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1 The Collision Of Cultures
2 Britain And Its Colonies
3 Colonial Ways Of Life
4 The Imperial Perspective
5 From Empire To Independence
6 The American Revolution
7 Shaping A Federal Union
8 The Federalist Era
9 The Early Republic
10 Nationalism And Sectionalism
11 The Jacksonian Impulse
12 The Dynamics Of Growth
13 An American Renaissance: Religion, Romanticism, And Reform
14 Manifest Destiny
15 The Old South
16 The Crisis Of Union
17 The War Of The Union
18 Reconstruction: North And South
19 New Frontiers: South And West
20 Big Business And Organized Labor
21 The Emergence Of Urban America
22 Gilded-age Politics And Agrarian Revolt
23 An American Empire
24 The Progressive Era
25 America And The Great War
26 The Modern Temper
27 Republican Resurgence And Decline
28 New Deal America
29 From Isolation To Global War
30 The Second World War
31 The Fair Deal And Containment
32 Through The Picture Window: Society And Culture, 1945–1960
33 Conflict And Deadlock: The Eisenhower Years
34 New Frontiers: Politics And Social Change In The 1960s
35 Rebellion And Reaction In The 1960s And 1970s
36 A Conservative Insurgency
37 Triumph And Tragedy: America At The Turn Of The Century

Colonial Ways of Life - Document Overview

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Colonization was both a destructive and constructive act. While immigrants and Native Americans often sought to purge themselves of undesireable elements, whether of the Old World or New, they also experimented with and embraced new ideas and different ways of doing things. Cultural transference—ideas, methods, and products transmitted from one side of the Atlantic to the other or from one group of people to another—was thus neither complete nor unilateral. This was especially true for the colonists. In the process of establishing their interpretations of European civilization in the new settlements, the colonists laid some of the foundations for an American civilization: they constructed what they believed to be intellectually desirable and environmentally necessary social, conceptual, and institutional structures within the frontier that was America.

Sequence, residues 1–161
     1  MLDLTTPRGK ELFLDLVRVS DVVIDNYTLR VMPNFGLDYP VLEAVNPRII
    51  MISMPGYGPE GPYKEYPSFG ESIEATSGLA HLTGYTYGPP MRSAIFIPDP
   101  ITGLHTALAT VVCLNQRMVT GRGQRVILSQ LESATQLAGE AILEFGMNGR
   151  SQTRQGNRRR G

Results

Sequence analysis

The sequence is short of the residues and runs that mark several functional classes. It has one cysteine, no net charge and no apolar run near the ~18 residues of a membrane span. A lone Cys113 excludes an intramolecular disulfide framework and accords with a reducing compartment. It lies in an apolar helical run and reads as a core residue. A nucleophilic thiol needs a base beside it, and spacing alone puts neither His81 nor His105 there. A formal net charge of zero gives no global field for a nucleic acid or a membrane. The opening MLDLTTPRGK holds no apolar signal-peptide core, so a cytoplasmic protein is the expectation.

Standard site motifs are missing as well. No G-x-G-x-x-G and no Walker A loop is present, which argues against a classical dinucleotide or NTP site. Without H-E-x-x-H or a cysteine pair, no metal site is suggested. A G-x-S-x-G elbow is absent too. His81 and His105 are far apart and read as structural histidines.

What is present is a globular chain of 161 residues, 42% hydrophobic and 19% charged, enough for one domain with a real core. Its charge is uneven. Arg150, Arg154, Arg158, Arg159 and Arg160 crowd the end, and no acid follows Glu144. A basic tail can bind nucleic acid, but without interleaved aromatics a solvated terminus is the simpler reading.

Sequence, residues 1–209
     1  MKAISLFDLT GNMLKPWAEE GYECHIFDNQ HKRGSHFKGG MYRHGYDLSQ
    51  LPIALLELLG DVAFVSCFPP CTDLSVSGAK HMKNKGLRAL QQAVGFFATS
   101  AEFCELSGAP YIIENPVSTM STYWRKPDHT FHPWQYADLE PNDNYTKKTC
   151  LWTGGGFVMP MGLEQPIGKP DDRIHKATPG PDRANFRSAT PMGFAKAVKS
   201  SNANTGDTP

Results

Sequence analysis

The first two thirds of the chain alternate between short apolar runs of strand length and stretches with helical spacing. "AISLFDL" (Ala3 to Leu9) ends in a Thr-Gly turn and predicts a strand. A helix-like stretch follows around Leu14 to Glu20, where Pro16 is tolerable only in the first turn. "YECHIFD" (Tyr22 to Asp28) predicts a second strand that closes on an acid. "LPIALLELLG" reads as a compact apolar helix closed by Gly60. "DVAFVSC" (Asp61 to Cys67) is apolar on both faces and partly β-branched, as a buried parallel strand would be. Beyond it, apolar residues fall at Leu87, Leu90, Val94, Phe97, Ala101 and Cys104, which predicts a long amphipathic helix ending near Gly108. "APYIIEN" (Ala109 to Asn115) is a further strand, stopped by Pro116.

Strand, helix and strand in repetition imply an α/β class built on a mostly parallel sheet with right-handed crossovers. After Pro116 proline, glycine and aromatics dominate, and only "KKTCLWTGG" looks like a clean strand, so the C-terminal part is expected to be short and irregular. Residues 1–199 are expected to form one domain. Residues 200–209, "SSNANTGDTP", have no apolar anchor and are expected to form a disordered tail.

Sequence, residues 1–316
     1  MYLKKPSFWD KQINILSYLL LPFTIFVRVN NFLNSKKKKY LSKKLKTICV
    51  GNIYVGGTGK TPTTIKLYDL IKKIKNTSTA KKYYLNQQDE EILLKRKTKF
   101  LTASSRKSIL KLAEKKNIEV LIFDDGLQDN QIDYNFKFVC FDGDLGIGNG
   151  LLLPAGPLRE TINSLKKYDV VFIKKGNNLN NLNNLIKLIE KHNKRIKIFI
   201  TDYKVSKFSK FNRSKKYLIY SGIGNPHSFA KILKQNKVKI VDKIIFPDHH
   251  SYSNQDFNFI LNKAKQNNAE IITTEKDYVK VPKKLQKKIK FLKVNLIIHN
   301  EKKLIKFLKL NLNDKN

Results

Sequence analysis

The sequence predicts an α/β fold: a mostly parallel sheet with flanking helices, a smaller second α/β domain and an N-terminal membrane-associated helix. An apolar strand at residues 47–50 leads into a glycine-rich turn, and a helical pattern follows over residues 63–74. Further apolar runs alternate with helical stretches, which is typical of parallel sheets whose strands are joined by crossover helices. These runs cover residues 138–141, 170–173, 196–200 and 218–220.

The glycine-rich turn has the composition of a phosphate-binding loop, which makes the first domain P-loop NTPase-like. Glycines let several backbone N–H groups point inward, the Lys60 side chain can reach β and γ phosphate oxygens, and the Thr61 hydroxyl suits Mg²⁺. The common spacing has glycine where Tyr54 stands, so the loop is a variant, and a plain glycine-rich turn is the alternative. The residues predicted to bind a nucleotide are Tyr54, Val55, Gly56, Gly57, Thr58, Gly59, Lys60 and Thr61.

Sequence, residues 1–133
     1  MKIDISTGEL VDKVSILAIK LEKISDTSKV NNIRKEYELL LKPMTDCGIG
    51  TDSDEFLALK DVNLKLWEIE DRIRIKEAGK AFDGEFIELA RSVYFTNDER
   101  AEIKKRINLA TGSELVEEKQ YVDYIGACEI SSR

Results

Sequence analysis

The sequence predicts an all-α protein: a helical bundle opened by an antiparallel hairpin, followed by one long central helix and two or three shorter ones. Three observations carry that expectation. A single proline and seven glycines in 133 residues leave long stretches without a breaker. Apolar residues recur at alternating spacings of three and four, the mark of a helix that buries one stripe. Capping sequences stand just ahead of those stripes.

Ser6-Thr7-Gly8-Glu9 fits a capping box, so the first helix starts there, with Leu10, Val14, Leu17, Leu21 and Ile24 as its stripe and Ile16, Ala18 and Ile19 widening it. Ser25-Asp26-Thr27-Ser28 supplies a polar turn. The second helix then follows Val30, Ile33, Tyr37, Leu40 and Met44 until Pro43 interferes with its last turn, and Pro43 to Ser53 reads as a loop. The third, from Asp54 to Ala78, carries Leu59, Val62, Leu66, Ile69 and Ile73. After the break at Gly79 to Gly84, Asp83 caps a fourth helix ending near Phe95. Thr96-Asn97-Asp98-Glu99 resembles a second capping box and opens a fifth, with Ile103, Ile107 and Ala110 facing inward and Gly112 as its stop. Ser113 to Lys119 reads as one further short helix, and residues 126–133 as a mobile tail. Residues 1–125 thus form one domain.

A variety of factors influenced the formation of colonial society and culture, including the beliefs and social ranks of the immigrants, the people who came as leaders and those who became ones, the need or desire for laborers (both free and unfree), the impact of the land and its peoples upon them, and their impact on the same. The colonists did not always recognize changes as they occurred; but when they did, reactions ranged from satisfied acceptance to dismay, denial, or determined rejection. Yet whether fully conscious of it or not, the colonists felt a freedom to experiment with ideas, both those imported and domestic. This experimentation was seen in the public domain of government, the public and private spheres of gender relations, and in the spiritual realm of religion.

Colonization meant hard work and hard times for everyone, but the tasks and rewards differed according to one's rank, religion, region, and, as it turned out, race. Most colonists of the seventeenth and early eighteenth centuries, in accord with their contemporaries across the ocean, believed that social hierarchy, strict legal codes, and uniform religious beliefs and practices were essential to public order. This appeared to be especially true in early New England when civil and religious authorities collaborated to impose order in the wilderness. Religious equality among the saints was not supposed to translate into social equality. People were still expected to act according to their place, and that place was proscribed by birth, worth, gender, and age.